World Wrestling Entertainment Inc. (WWE), said on Wednesday that Linda McMahon has resigned as its CEO to run for Republican nomination for the U.S. Senate seat now held by Connecticut Democrat Christopher Dodd. Read more on Linda McMahon’s political aspirations below.
Linda McMahon, 60, formally announced her candidacy on Wednesday morning. McMahon says Washington is “out of control” and Dodd has “lost his way and our trust.”
McMahon will be up against three other Republicans that include former U.S. Rep. Rob Simmons, state Sen. Sam Caligiuri and former U.S. Ambassador to Ireland Tom Foley.
Christopher Dodd plans to run for a sixth term next year.
Linda and her husband Vince McMahon, a professional wrestler, announcer and promoter, co-founded WWE. Linda has served as WWE’s CEO since May 1997 and was the company’s president from May 1993 through June 2000.
McMahon said she won’t be accepting PAC money or individual donations of more than $100, meaning her campaign will be predominantly self-financed. And she brings loads of baggage into the race – a quick perusal of YouTube shows that there’s quite a bit of video archival material for her Republican opponents to use against her.
She also donated $10,000 to the Democratic Congressional Campaign Committee in 2006 – the same year that House Democrats ousted her leading Republican primary rival, former congressman Rob Simmons.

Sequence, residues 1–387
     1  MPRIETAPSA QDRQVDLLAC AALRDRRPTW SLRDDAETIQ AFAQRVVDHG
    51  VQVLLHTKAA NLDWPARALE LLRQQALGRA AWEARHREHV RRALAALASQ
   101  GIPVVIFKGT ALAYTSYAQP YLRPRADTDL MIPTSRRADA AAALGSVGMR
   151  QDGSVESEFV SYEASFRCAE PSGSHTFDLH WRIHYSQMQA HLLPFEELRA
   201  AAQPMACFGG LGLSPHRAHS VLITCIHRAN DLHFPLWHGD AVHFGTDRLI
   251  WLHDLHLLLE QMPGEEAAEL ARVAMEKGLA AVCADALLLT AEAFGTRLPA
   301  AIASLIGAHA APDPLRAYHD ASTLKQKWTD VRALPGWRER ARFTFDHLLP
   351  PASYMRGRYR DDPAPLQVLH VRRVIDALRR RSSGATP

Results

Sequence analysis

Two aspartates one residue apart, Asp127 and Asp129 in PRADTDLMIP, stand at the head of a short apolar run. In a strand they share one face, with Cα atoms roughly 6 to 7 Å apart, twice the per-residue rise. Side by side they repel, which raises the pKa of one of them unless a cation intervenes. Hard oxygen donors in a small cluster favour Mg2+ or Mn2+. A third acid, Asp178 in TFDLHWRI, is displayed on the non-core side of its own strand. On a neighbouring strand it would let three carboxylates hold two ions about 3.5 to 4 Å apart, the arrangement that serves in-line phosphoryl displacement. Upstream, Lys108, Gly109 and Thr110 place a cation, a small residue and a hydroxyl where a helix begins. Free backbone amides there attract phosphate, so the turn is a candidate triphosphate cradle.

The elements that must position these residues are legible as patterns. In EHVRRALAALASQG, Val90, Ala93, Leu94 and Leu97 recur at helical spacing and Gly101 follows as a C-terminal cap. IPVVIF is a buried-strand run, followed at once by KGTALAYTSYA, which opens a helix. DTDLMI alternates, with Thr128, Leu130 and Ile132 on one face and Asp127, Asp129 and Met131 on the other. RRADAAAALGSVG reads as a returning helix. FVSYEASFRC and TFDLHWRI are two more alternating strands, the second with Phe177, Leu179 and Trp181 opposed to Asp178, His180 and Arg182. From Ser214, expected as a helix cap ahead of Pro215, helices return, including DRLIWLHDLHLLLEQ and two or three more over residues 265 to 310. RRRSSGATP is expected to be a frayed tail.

In Connecticut, Republicans have to win a critical 15 percent threshold at a Republican convention filled with GOP activists before they can move onto the primary ballot — and that could be challenging for an outsider like McMahon to accomplish.
But as Chris Cillizza notes in today’s Fix, McMahon has also brought on board an A-team of Republican consultants – with Scott Howell and Associates handling media and former NRSC political director Mike Slanker serving as the general consultant. Former NRCC press secretary Ed Patru will be handling the same role with her campaign.
If nothing else, McMahon will provide even more entertainment to a race that has seen no shortage of headlines. Her campaign will be an interesting test on whether voters will be willing to support a political outsider — even, as Chuck Todd noted, when they come from a sport most associated with the worst of politics.
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